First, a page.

Gotham Season 1 Review “Arkham”

Gotham (Fox) Episode 4 Arkham (4)

In the latest episode of “Gotham,” we picked up where we left off, with Oswald Cobblepot paying Jim Gordon a visit at his home, much to the latter’s horror, in “Arkham.” Needless to say, Gordon wasn’t happy and didn’t hesitate to tell him so, but Copplepot told him he’d spy for him and that he should look into Arkham in the meantime. This proved to be wise advice, as things were heating up on that front, with an impending vote on the matter coming up. Essentially, the Arkham deal was one posited by the Wayne foundation, who were seeking to rebuild the asylum into a state-of-the-art facility and turn the rest of the area into low-income housing for the poor.

However, mob boss Maroni had different ideas in the matter, wanting to turn the area into a waste disposal facility, albeit being onboard with the asylum part of things. Meanwhile, boss Falcone wanted to go with option number one, minus the waste disposal thing. Who would get their way, and what lengths would they go to achieve it?

At first, I was a little confused by the episode’s approach, as Falcone wasn’t even in the episode, which seemed odd, what with his having so much riding on things. However, we later saw there was a reason for that, as only some of what was happening was his doings. On the one hand, Falcone did hire someone to take out one of the councilmen that opposed his take on the deal, and Maroni did indeed hire the same guy to take out another councilman that opposed his side of the plan.

But the hit on the restaurant turned out to actually be engineered by Cobblepot, not Falcone, who did it not only to cast shade on Falcone as the culprit, but to get himself promoted in the process, as he “saved” some of the money the robbers took at the “risk” of his own life, which so impressed Maroni that he made him the manager of the restaurant, seeing as the former one was gunned down in the robbery. That accomplished, Cobblepot subsequently tracked down the robbers he hired and poisoned them via cannoli! (I’m guessing there’s a “Godfather” joke in there somewhere, if I know my mob movies, as in: “Leave the gun, take the cannoli…”)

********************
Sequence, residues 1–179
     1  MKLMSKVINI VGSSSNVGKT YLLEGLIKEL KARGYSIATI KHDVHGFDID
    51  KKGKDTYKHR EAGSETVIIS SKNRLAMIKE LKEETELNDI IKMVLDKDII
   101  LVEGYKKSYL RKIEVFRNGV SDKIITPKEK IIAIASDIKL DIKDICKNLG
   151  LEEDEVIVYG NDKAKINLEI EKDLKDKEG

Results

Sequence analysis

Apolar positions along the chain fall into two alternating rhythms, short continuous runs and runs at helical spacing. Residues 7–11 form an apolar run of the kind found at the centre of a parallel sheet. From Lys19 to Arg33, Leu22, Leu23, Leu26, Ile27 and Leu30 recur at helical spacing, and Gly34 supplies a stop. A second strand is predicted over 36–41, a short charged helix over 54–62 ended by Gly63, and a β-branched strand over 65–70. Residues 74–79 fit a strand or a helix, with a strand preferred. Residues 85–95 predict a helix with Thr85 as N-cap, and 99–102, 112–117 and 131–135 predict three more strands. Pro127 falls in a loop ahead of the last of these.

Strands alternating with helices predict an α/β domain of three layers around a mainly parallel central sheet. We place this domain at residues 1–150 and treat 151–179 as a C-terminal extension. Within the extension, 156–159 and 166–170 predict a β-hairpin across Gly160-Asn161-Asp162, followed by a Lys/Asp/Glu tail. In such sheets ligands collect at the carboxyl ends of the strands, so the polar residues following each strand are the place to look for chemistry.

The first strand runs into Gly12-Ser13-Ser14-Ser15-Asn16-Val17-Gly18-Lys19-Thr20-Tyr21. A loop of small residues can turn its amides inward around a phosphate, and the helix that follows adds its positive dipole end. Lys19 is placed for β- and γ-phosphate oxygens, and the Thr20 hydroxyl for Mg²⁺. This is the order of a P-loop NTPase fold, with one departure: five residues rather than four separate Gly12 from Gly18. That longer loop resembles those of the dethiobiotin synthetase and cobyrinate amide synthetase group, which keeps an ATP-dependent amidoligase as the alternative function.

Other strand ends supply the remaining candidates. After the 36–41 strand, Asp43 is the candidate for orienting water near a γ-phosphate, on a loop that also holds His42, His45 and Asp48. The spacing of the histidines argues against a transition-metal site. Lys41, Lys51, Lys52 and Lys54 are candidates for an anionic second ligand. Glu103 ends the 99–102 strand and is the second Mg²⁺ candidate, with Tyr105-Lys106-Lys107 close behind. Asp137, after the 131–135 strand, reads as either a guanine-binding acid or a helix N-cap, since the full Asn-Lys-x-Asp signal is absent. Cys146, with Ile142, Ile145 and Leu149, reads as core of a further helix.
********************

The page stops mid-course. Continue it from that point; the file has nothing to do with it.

Anyway, given that, it made sense that we didn’t see much of Falcone this episode, though it would have been interesting to see his reaction to the Mayor’s announcement, who after nearly being killed by the hit man himself, opted to compromise between the two families. In the end, Falcone got his low-income housing, and Maroni got both the waste disposal facility and the building contract for the new Arkham Asylum. That seems like Maroni got the better deal to me, but I’m not sure about the breakdown of the money, so I can’t be sure. Either way, it gives Maroni that much more of a foothold in Gotham, which Falcone can’t be thrilled about, I imagine. Guess we’ll have to wait until next week to see how he handles the news.

Beyond that, Barbara finally confessed to Gordon that she’d once been romantically involved with Montoya, which he wasn’t too thrilled about, less because it was a woman and more so because she’d lied about it. Barbara, in turn, confronted him about the Cobblepot thing, which Gordon wasn’t very forthcoming about, labeling it police business, albeit understandably. I can’t imagine Barbara would be thrilled about Cobblepot coming to their place, even if it meant that he was alive after all, unlike Montoya’s claims. Still, if Gordon doesn’t find a way to compromise, it could (bat) signal the end of this relationship.

Finally, there was the business with Fish auditioning singers for a new position at her club. Apparently, there’s more to the position than singing, but we didn’t get much detail on what that is as of yet. Perhaps she plans to use the singer to seduce Falcone, and spy on him for her? Or even kill him? Not sure yet, but that was some audition process! This ain’t “American Idol,” that’s for sure. On a side note, can I just say that I highly appreciated, as a longtime Siouxsie & the Banshees fan, that Lana Del Rey-esque rendition of their classic single, “Spellbound” by winner Liza (Makenzie Leigh). More of that, please. Nice beat-down of the other girl, too. Nice everything, really, if you know what I mean and I think that you do.

That was about it, really, but it was enough. I don’t like it when these things are needlessly convoluted, so there was more than enough going on here to be reasonably entertaining, even if certain corners were cut, i.e. the lack of Falcone’s presence. Besides, it’s hard to complain about a hit-man that uses a bizarre bladed weapon to kill people, including stabbing their eyes out; or a full-on catfight between two singers in a shady part of town for another woman’s amusement. After the bordering on silly “Balloonman” episode, this one firmly reestablished the fact that “Gotham” wasn’t playing around. The 60’s era “Batman” this ain’t, to be sure.

What did you think of “Gotham” this week? Who do you prefer as the main mob boss, Falcone or Maroni? Or Fish, for that matter? What did you think of her auditioning process? Do you think Gordon should tell Barbara about the Cobblepot situation? What do you think of the whole informant gambit on Cobblepot’s end? Will he be more of a help of a hindrance? Let me know what you think of the episode down below, and see you next week!